Last week, I watched President Bill Clinton’s speech in Londonderry in 1995 for the first time. In 2020, the bittersweet words of Clinton and John Hume, words of peace, unity, and shared humanity, seemed to come from another planet.
It is nauseating that Boris Johnson’s government has chosen to endanger this hard won peace for the sake of appearing tough in Brexit negotiations. The irony is that on the international stage, the appearance of the UK is of weakness and delusion. We are now firmly out in the cold.
Given the established ties between Johnson and Trump, it is difficult not to wonder if the UK government is softly signalling support for a Trump win in 2020. As condemnation thundered in from the US, the Democrats were much more scathing of Johnson on this matter than their Republican counterparts. This, combined with Trump’s indications of wanting a deal with the UK, give the impression it would be in the government’s interest for Trump to remain in the White House.
Parliament voted the controversial UK Internal Market Bill through its second reading by a majority of 77. The bill proposed giving the government powers to unilaterally withdraw from the Brexit deal struck with the EU in 2019, on which Boris Johnson heavily campaigned. Aside from violating international law, in allowing us to withdraw from the agreement, the bill also pushes us closer to a no deal Brexit. This would likely result in a disastrous hard border in Ireland.
The response to the bill domestically and internationally has been scathing. In an interview on Channel Four News last week, US Democratic Congressman for Pennsylvania Brendan Boyle delivered a verbal beat down on the UK’s government. Boyle, who is currently campaigning for re-election, stated in no uncertain terms that if the UK government compromises the Good Friday Agreement by passing the UK Internal Market Bill, “there will be no US/UK free trade agreement, period.” Despite the UK government asserting that the bill does not interfere with the Good Friday Agreement, Boyle was not convinced, saying: “I give them credit for saying that with a straight face. Absolutely no-one believes that, that is sheer nonsense.”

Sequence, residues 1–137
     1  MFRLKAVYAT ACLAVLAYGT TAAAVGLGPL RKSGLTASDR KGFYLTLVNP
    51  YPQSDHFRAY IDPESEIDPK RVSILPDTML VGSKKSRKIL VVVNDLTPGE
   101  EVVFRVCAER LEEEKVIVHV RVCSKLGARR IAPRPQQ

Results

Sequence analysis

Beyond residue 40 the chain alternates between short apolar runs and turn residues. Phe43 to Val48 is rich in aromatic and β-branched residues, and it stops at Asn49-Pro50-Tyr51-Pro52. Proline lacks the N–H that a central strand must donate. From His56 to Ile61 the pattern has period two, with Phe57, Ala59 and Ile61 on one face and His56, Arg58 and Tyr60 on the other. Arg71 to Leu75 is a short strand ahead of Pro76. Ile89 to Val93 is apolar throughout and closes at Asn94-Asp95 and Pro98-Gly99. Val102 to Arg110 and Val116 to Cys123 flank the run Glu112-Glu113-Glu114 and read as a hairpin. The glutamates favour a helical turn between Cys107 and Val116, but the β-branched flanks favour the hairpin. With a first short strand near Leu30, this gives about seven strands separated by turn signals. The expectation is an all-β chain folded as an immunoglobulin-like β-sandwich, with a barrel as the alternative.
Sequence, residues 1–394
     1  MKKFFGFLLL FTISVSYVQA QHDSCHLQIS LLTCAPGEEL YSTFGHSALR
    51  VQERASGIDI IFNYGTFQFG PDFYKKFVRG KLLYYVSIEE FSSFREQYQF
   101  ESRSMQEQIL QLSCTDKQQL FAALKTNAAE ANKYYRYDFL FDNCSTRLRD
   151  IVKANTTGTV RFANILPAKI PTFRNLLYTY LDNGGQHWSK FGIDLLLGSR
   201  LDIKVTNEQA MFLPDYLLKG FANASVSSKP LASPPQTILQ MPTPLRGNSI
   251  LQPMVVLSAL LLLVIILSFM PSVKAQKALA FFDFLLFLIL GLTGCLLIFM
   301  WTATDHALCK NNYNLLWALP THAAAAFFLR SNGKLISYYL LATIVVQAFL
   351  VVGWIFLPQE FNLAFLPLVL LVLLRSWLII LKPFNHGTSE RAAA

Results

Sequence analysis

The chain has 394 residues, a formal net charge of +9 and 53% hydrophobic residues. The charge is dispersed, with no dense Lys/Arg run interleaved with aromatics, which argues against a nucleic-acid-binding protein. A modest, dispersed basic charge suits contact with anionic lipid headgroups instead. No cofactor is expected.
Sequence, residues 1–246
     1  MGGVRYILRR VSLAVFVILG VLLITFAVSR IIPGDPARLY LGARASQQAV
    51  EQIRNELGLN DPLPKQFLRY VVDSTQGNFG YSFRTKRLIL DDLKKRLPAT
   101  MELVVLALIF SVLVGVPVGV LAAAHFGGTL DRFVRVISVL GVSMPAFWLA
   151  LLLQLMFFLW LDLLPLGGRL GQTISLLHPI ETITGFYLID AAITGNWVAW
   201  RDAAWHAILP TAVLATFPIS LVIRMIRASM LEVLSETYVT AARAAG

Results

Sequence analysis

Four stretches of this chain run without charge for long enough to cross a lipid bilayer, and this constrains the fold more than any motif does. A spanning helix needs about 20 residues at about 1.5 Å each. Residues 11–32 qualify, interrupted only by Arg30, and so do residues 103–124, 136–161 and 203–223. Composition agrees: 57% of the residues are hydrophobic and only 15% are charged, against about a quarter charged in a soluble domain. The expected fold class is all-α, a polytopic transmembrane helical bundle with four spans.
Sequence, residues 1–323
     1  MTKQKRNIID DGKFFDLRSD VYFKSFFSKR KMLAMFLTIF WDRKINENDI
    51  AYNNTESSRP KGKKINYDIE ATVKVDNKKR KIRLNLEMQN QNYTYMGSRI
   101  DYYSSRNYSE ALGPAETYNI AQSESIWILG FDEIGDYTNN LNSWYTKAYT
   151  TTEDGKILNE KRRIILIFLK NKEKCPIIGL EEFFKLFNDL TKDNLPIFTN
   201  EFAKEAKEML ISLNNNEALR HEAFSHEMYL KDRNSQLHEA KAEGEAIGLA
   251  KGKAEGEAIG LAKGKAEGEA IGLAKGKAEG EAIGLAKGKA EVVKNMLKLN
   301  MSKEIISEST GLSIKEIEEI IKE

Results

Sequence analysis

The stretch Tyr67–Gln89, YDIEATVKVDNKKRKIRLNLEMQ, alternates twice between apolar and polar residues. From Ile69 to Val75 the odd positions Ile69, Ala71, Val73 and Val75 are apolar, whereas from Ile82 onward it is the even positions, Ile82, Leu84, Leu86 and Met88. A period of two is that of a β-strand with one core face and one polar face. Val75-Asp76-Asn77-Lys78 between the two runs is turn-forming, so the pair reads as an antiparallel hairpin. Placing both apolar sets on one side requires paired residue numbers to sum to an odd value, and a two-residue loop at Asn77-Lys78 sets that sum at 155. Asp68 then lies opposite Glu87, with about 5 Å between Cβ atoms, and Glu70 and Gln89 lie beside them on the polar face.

Speaker of the House Nancy Pelosi later also came out in support, stating that she hoped Johnson is not banking on any trade deal. Democratic presidential nominee Joe Biden also weighed in, tweeting that “Any trade deal made between the U.S. and U.K. must be contingent upon … preventing the return of a hard border.”
The Republican Party has echoed the sentiments of the Democrats regarding the Irish border, albeit far more quietly, when Donald Trump’s special envoy in Northern Ireland Mick Mulvaney expressed concern over the prospect of “creating a hard border by accident”.